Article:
The Multiple Indicator Cluster Survey (MICS) is a household survey programme developed by UNICEF to assist countries in filling data gaps for monitoring human development in general and the situation of children and women in particular. MICS is capable of producing statistically sound, internationally comparable estimates of social indicators. The current round of MICS is focused on providing a monitoring tool for the Millennium Development Goals (MDGs), the World Fit for Children (WFFC), as well as for other major international commitments, such as the United Nations General Assembly Special Session (UNGASS) on HIV/AIDS and the Abuja targets for malaria.
The 2006 Uzbekistan Multiple Indicator Cluster Survey has as its primary objectives:
- To provide up-to-date information for assessing the situation of children and women in Uzbekistan
- To furnish data needed for monitoring progress toward goals established in the Millennium Declaration, the goals of A World Fit For Children (WFFC), and other internationally agreed upon goals, as a basis for future action;
- To contribute to the improvement of data and monitoring systems in Uzbekistan and to strengthen technical expertise in the design, implementation, and analysis of such systems.
MICS questionnaires are designed in a modular fashion that can be easily customized to the needs of a country. They consist of a household questionnaire, a questionnaire for women aged 15-49 and a questionnaire for children under the age of five (to be administered to the mother or caretaker). Other than a set of core modules, countries can select which modules they want to include in each questionnaire.
The survey was conducted by the State Statistical Committee of the Republic of Uzbekistan, with the support and assistance of UNICEF and other partners. Technical assistance and training for the surveys is provided through a series of regional workshops, covering questionnaire content, sampling and survey implementation; data processing; data quality and data analysis; report writing and dissemination.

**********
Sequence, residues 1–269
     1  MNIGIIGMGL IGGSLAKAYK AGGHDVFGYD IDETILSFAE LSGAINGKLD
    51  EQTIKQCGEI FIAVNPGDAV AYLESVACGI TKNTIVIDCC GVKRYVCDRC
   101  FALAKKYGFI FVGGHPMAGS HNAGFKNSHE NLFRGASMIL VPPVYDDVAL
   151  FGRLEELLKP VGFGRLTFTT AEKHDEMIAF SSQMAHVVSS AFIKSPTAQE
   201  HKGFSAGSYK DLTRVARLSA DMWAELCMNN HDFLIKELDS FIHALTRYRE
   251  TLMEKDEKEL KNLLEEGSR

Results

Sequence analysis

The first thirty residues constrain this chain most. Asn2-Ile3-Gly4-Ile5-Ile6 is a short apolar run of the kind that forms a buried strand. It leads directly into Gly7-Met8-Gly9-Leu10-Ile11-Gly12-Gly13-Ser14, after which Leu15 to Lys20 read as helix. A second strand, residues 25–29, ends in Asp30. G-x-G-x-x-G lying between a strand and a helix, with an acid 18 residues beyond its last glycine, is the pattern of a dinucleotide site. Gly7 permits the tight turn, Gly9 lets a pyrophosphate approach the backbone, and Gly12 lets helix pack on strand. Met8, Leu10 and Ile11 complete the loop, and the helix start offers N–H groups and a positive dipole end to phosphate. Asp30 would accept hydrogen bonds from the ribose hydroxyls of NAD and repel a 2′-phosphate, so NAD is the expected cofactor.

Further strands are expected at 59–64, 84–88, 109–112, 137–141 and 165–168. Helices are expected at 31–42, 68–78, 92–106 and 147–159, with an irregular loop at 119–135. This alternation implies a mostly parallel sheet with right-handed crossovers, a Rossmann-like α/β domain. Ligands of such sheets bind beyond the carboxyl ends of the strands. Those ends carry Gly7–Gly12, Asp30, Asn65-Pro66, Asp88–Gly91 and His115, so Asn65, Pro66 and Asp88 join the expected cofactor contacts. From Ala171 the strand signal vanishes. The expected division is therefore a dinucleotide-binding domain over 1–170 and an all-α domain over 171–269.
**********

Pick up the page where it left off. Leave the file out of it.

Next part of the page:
Kind of data
Sample survey data [ssd]
Version 1.0: Edited data used for preliminary report
Water and sanitation
Maternal and newborn health
Marriage and union
Care of illness
Durability of housing
Source and cost of supplies
The survey is a nationally representative for households, women, and children of Uzbekistan.
Unit of analysis
Households (defined as a group of persons who usually live and eat together)
De jure household members (defined as memers of the household who usually live in the household, which may include people who did not sleep in the household the previous night, but does not include visitors who slept in the household the previous night but do not usually live in the household)
Women aged 15-49
Children aged 0-4
The survey covered all de jure household members (usual residents), all women aged 15-49 years resident in the household, and all children aged 0-4 years (under age 5) resident in the household.
Producers and sponsors
State Statistical Committee of the Republic of Uzbekistan
State Statistical Committee of the Republic of Uzbekistan
Technical implementation and supervision
UNICEF, Uzbekistan Country Office
UNICEF Regional MICS coordinator
International technical assistance
UNICEF Regional M&E officer
International technical assistance
Strategic Information Section, Division of Policy and Planning, UNICEF NYHQ
International technical assistance
Funding of survey implementation
Funding of survey implementation
The sample for the Uzbekistan Multiple Indicator Cluster Survey was designed to provide estimates
for a large number of indicators on the situation of children and women at the national
level, for urban and rural areas, and for six geo-economical regions of the country, as follows:
1. Western: (Republic of Karakalpakstan & Khorezm oblast)
2. Central: (Bukhara, Navoi & Samarkhand oblasts)
3. Southern: (Kashkadarya & Surkhandarya oblasts)
4. Central-Eastern: (Jjizzakh, Syrdarya & Taskentskaya oblasts)
5. Eastern: (Andizhan, Namangan & Fergana oblasts)
6. Tashkent city
Regions were identified as the main sampling domains and the sample was selected in three stages. At the first stage, 375 primary sampling units were selected with probability proportional to size from a master frame of 14,799 enumeration areas called "mahala" produced by a countrywide population review, conducted by the State Statistical Committee (SSC) in 2002. The list of selected enumeration areas served as the frame for the second stage of selection. Each enumeration area was assigned a measure of size equal to the desired number of "standard segments" it contains by dividing the population size of the enumeration area by 500 and rounding to the nearest whole number. One segment was randomly selected on the basis of a sketch-map prepared for each enumeration area. After a household listing was carried out within the selected segments, a systematic sample of 10,505 households was drawn. All selected enumeration areas were successfully visited.
The distribution of clusters between sampling domains is not proportional to the distribution of population and, consequently neither is the fi nal household distribution. The sample is therefore not a self-weighting household sample. For reporting national level results, sample weights are used.
Following standard MICS data collection rules, if a household was actually more than one household when visited, then a) if the selected household contained two households, both were interviewed, or b) if the selected household contained 3 or more households, then only the household of the person named as the head was interviewd.